Disappointment at new building energy standards
This article was originally published in issue 40 of Passive House Plus magazine. Want immediate access to all back issues and exclusive extra content? Click here to subscribe for as little as €10, or click here to receive the next issue free of charge
The latest update to England’s building regulations on energy and ventilation was released in December, and was greeted with widespread disappointment. The government published the interim Part L and Part F for non-domestic buildings, and the Fabric Energy Efficiency Standard (FEES) for homes, both of which will come into force in June. The full ‘Future Homes/ Future Buildings’ standards are due to take effect in 2025.
The majority of respondents to spring 2021’s 132-question consultation urged the government to increase its ambition on decarbonisation, but the government stuck to its original proposals in almost every case. The only real welcome was given to changes in Part F relating to ventilation in larger non-domestic buildings. These proposals, aimed at “reducing the risk of transmission of infection via aerosols in non-domestic buildings”, included designing ventilation systems with 50 per cent “headroom” so that ventilation rates can be increased in times of high infection risk. There is also a requirement for new ventilation systems in offices to have “a means of monitoring the indoor air quality”, for example CO2 monitoring.
These changes were promoted by experts on mitigating Covid infection risk. They were welcomed by Cath Noakes, professor of environmental engineering for buildings at the University of Leeds, and member of the UK government’s SAGE advisory group, as “the start of a process to make sure we have better buildings going forward.”
But reaction to the proposals for Part L were in stark contrast. There was widespread dismay that calls for stronger action fell on deaf ears. As LETI, the London Energy Transformation Initiative, put it: “The government has largely ignored the advice of built environment professionals in response to its proposed changes to building standards on energy use.”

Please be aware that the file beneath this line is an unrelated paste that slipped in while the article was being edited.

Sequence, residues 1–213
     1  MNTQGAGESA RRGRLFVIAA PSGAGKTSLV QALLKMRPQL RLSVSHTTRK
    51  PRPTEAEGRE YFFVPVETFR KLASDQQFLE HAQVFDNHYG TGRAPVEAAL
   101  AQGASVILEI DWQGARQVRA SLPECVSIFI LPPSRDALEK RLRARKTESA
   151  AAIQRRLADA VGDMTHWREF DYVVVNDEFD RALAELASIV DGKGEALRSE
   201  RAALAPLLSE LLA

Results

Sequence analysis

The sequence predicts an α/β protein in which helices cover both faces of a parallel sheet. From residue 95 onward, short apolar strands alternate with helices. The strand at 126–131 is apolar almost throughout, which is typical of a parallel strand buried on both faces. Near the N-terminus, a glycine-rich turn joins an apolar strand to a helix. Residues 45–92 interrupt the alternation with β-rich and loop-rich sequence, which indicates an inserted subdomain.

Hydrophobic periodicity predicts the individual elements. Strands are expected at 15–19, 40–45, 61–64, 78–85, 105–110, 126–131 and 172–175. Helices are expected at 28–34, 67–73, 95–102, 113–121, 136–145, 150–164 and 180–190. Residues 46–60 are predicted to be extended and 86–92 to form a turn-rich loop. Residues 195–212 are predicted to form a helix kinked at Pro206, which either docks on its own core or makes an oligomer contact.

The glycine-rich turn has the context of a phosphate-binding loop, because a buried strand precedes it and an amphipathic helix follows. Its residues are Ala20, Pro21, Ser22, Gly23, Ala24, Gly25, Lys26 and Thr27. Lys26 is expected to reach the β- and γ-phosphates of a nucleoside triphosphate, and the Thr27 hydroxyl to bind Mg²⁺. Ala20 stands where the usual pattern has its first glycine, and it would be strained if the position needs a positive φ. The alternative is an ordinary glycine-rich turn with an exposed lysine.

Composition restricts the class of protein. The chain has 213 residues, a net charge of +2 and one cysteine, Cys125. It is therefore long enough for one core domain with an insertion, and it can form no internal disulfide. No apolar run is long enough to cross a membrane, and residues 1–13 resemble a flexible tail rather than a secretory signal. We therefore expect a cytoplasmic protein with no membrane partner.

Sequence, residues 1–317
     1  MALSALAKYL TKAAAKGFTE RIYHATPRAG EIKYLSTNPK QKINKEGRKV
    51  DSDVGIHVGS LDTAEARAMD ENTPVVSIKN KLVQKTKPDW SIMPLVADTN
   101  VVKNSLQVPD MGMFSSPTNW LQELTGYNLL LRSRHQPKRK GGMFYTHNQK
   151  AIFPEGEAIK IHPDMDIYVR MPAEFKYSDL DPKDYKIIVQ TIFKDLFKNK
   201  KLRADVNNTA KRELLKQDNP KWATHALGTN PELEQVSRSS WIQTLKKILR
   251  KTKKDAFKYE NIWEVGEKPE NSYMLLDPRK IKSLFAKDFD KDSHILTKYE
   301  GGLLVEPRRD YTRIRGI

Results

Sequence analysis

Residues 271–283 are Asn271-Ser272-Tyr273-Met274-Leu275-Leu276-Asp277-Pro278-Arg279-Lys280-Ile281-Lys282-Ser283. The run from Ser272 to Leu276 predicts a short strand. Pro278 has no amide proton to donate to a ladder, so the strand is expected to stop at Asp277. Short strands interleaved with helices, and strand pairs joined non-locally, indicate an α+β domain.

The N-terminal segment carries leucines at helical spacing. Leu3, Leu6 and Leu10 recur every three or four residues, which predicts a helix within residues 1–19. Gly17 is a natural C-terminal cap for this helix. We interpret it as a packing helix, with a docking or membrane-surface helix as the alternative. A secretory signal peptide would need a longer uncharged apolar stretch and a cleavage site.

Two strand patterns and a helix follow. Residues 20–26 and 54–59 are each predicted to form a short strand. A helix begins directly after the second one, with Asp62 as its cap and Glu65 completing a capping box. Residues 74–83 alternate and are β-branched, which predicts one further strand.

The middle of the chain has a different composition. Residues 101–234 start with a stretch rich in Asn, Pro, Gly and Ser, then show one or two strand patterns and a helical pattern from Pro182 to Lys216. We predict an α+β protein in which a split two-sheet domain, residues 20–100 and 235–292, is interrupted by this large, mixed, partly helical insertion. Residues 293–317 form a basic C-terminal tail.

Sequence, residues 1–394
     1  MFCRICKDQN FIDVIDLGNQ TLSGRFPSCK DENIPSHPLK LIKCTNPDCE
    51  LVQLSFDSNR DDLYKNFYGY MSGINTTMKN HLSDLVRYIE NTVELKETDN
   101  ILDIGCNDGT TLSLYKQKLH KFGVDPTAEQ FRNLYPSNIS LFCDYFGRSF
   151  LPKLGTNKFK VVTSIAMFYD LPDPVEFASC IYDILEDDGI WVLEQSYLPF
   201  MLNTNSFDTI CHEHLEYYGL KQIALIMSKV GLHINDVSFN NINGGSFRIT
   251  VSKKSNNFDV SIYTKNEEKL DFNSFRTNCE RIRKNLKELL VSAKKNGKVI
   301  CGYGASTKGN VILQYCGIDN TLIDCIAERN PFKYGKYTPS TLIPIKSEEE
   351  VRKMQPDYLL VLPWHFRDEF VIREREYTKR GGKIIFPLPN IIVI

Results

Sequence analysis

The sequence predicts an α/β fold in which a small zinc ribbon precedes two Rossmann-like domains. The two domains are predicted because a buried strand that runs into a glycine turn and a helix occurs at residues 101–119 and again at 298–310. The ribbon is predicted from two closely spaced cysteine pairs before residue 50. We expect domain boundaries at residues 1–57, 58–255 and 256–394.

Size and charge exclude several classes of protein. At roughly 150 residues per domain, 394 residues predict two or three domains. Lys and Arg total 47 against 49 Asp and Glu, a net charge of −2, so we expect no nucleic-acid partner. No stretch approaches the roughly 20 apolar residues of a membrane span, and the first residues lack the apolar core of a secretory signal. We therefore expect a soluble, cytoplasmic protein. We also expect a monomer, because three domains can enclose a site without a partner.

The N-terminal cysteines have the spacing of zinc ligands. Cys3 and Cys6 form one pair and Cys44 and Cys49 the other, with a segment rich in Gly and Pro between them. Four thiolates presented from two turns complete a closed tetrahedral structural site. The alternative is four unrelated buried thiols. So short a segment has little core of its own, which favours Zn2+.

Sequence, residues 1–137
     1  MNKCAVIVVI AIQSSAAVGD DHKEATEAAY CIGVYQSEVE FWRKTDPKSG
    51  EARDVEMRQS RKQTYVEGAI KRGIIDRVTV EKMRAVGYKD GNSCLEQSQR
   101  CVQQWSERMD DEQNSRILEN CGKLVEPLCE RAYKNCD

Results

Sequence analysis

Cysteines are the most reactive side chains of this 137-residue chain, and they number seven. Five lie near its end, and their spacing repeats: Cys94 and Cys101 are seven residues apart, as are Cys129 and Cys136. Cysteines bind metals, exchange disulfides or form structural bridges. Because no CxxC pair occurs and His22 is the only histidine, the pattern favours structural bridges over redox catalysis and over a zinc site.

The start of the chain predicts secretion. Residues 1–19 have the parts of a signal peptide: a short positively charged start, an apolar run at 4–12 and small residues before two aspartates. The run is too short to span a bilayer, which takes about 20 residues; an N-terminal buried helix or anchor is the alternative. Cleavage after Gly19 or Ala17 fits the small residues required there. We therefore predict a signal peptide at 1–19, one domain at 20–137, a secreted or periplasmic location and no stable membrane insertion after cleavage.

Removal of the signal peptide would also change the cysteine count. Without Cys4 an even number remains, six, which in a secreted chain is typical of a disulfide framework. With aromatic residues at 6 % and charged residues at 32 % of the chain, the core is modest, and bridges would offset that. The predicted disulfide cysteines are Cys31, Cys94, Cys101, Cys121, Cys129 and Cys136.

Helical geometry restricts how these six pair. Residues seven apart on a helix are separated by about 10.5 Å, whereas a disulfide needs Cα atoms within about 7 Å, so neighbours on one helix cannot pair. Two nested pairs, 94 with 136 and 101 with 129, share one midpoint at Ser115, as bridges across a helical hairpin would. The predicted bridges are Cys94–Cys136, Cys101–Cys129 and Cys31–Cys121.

There is also a requirement for new ventilation systems in offices to have "a means of monitoring the indoor air quality".
For example, 78 per cent of respondents selected the option to “go further” than the suggested 27 per cent CO2 reduction relative to 2013 standards, but the government stuck with this target nonetheless.
For the Fabric Energy Efficiency Standard for homes, around 70 per cent of respondents called for the government to go further than its two specification options. The government nonetheless stuck with one of its proposed standards, choosing ‘full’ FEES rather than option two, which was FEES with a 15 per cent reduction in overall efficiency. The government also failed to increase its ambition on airtightness. The department stuck with an air permeability backstop of 8 m3/h.m2 at 50 Pascals, despite the fact that “one of the most common comments” was that the permeability requirements should be improved.
The government also introduced primary energy as a new compliance metric for non-domestic buildings alongside emissions (as calculated in SAP). This was a highly unpopular proposal with an absolute majority of respondents rejecting it, including on grounds that it was confusing, and that the primary energy factors set out favoured high-carbon gas over electricity.
SAP under review
A review of SAP – the compliance calculation method for domestic buildings — is already underway. In 2021, the government commissioned a “scoping report” from consultancy Etude. The review ‘Making SAP and RdSAP fit for Net Zero’ was drawn up in consultation with a wide field of experts, said Etude.
Etude’s Thomas Lefevre, who led the review, shared the findings at an event hosted by Woodknowledge Wales last November.
Lefevre told the delegates: “The SAP and [in] particular, EPC system is seen by many as a serious obstacle to genuine, effective decarbonisation.
“We need the right metrics and the right tools, but EPCs and SAP are a very poor way to measure energy efficiency. There’s a big problem here, if policymakers simply set EPC targets and think job done.”
High up in the report’s concerns was the notional dwelling approach. “You can have two buildings with a very different form factor, one atrocious, one really good,” Lefevre said. “If you look at the actual space heating demand you see a huge difference. A building with a poor form factor might need twice as much space heating as another. But if they are built to the same specification SAP gives the impression they perform the same.”
Other problems flagged with SAP include the way carbon factors are out of date before new editions of SAP are even published, which is seen as completely counter-productive if SAP is intended to drive low-carbon design.
“At the moment you are still using a carbon factor of electricity which is more than three times what it is in reality, let alone what it will be in 20 years time. This is a tragic failure of SAP,” Lefevre said.
The Etude report is now being considered by another consortium led by BRE which “is working with stakeholders to consider the Etude recommendations and how to implement them”, according to the government SAP website.
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